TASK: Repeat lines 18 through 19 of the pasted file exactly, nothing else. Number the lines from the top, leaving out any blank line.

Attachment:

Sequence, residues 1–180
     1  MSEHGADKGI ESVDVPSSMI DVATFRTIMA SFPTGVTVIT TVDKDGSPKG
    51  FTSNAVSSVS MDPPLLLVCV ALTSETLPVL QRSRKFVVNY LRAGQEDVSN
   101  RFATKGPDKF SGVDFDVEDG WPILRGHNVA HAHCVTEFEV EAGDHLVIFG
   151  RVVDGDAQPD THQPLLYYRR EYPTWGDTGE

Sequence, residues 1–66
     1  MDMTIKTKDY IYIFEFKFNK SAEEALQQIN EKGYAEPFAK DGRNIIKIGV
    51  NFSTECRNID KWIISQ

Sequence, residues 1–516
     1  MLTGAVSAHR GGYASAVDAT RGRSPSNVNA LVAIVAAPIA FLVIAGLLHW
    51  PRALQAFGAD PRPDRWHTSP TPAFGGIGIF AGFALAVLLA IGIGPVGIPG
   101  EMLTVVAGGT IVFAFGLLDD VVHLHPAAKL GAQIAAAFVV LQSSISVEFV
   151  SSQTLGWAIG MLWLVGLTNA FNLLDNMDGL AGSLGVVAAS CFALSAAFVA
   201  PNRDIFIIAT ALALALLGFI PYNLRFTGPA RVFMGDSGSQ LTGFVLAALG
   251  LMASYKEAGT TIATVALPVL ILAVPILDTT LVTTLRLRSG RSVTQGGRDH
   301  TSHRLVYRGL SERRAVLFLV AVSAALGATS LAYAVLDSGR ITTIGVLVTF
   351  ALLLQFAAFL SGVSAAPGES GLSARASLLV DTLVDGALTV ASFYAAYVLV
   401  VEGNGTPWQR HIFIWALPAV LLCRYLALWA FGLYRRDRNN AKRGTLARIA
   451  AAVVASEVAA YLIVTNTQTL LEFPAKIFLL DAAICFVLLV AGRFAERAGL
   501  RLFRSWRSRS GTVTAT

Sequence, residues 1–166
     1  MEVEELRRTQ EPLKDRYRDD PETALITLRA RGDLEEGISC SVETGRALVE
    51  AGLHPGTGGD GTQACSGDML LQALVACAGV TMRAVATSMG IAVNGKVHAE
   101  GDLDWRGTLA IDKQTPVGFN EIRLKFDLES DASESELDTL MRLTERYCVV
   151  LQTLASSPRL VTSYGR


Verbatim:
   401  VEGNGTPWQR HIFIWALPAV LLCRYLALWA FGLYRRDRNN AKRGTLARIA
   451  AAVVASEVAA YLIVTNTQTL LEFPAKIFLL DAAICFVLLV AGRFAERAGL